Homes left empty by the ongoing foreclosure crisis – and people who need them – are turning out to be easy prey for local scam artists.
Consumer protection attorneys are advising would-be renters to do their homework.
Anna Marie Johnson, executive director at Nevada Legal Services, said that agency is seeing a steady flow of scam victims who have seen rental property postings on Craigslist or a similar website. The problem, she said, is that they ended up renting an empty home from a scam artist, not the actual property owner or management company.
“They’ve changed the locks; they’re advertising them for rent,” she said. “They’re getting people to pay large amounts – for a security deposit, first month’s rent and whatever else they can get out of them. It’s a huge problem, actually.”
One easy step people can take to protect themselves is to contact the Nevada Real Estate Division, or use the agency’s online look-up service to see if the person they are dealing with is a licensed real estate agent or property manager.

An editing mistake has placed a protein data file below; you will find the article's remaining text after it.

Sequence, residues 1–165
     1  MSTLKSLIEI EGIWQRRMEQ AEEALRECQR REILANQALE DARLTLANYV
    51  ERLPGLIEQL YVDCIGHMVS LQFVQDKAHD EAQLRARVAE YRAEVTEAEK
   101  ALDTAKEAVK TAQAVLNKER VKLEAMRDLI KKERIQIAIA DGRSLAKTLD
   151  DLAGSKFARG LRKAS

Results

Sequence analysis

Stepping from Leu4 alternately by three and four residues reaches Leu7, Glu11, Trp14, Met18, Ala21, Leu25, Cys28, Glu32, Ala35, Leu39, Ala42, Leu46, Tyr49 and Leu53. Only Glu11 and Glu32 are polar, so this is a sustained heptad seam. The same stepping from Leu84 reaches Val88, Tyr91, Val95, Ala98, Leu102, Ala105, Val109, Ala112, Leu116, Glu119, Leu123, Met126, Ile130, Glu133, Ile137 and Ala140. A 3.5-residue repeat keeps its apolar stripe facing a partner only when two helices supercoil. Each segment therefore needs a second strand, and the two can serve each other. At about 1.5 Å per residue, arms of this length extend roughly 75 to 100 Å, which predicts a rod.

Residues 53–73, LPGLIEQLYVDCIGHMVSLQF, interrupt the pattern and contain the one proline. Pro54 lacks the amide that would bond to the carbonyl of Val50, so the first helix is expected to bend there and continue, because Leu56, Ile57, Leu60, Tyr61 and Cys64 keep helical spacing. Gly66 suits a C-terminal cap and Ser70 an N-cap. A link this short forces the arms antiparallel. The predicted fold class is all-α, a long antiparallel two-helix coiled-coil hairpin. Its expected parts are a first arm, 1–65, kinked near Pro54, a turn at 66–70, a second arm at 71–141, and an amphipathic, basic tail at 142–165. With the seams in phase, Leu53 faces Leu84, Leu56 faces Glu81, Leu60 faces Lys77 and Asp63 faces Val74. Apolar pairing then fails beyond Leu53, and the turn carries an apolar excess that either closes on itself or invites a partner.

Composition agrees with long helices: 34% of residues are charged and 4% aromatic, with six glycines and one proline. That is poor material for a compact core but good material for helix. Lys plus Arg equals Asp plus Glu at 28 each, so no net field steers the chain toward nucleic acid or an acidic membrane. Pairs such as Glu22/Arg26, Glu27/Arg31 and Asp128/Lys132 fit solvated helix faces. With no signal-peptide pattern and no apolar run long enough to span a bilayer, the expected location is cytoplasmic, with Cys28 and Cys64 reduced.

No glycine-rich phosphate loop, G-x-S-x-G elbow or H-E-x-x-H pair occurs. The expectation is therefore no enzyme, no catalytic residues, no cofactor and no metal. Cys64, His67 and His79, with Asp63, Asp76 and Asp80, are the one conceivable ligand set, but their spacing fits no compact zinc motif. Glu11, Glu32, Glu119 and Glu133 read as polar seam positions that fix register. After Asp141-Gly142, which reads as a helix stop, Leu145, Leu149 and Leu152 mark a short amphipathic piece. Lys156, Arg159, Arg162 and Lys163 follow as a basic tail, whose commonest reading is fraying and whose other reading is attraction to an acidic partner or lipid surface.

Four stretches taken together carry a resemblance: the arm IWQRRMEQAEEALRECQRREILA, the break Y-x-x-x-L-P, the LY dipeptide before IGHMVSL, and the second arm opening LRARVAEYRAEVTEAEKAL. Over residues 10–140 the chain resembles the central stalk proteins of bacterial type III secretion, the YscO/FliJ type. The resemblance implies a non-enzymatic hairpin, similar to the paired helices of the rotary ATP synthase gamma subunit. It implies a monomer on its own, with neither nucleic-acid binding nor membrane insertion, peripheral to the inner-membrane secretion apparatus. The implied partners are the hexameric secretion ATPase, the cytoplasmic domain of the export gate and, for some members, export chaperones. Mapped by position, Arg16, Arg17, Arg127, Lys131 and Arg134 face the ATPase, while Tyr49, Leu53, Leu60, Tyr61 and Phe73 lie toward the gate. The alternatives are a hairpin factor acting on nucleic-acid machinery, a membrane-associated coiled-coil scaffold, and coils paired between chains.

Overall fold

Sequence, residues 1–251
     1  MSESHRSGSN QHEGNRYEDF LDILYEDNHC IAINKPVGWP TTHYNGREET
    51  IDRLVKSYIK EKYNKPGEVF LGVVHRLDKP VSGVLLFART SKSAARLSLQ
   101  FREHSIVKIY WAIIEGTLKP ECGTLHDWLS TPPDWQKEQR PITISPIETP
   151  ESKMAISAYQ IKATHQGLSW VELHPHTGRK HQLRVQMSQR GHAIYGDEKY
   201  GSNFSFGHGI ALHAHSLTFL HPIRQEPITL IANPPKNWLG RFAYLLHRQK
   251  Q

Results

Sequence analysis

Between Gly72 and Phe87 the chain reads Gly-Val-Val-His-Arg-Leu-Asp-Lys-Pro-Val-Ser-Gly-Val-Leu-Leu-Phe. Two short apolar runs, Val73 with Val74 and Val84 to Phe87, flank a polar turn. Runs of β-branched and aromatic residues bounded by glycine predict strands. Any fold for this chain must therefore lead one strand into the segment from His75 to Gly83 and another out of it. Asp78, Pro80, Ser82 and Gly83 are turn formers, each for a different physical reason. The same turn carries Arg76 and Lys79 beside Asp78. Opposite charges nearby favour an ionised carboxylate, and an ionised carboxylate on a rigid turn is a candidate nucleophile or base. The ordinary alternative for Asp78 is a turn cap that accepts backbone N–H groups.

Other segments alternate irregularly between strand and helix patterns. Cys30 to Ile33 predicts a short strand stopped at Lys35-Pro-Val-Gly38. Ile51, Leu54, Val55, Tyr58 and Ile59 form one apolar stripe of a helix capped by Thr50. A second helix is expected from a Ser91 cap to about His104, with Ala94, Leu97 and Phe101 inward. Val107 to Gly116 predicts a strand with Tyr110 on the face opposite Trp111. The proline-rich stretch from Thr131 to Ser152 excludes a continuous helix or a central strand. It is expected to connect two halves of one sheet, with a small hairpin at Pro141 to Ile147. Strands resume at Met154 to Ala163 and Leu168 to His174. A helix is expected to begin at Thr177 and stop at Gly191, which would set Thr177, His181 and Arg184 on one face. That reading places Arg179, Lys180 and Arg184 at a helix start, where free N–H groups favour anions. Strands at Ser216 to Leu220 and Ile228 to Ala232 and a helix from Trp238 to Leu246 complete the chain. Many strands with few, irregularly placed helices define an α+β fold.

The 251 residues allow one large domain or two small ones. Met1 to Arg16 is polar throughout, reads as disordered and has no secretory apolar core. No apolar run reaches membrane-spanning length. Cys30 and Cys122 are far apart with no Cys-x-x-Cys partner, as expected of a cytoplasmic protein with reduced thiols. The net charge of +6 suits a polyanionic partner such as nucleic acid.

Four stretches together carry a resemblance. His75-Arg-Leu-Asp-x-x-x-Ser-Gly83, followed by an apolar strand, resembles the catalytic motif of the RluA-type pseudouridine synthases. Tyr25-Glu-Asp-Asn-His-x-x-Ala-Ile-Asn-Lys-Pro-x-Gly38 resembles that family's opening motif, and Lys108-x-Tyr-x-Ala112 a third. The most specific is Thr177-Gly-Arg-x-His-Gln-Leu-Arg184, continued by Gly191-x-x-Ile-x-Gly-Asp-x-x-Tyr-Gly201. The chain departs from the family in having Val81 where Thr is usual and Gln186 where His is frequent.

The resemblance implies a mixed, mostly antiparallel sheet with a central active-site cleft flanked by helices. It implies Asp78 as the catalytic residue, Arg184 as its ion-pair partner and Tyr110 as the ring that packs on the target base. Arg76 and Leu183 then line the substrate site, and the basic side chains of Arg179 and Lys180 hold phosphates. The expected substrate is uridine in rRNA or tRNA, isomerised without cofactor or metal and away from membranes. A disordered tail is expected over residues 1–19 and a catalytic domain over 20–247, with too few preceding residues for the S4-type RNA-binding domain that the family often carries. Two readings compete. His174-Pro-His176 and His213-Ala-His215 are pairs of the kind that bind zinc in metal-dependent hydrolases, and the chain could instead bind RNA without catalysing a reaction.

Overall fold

At the Las Vegas office of Nevada Legal Services, senior attorney Kris Bergstrom, who is handling a lot of these cases, said the best course of action to avoid getting scammed, is to check county records to see who really owns the home you want to rent.
“Go to the County Recorder’s Office,” she said, “and look up the address of the house and see – is it in foreclosure? Who’s listed as the actual owner? And does that match up with the person that they’ve been dealing with?”
They do try to recover victims’ deposits in these cases, Bergstrom said – but it’s rare.
“A lot of times it’s actually pretty hard to catch these guys,” she said. “They don’t use their real name, they’ll give people a phone number to contact them, but it will be some kind of burner phone – and a lot of the people are finding these houses on Craigslist or something like that, so they don’t have an ad, or any kind of contact number.”
For most scam victims who have moved into these homes, Bergstrom said, attorneys usually can buy a little time from the actual owner for them to find a new place.
The Real Estate Division’s look-up service is online at elicenseb.irondata.com.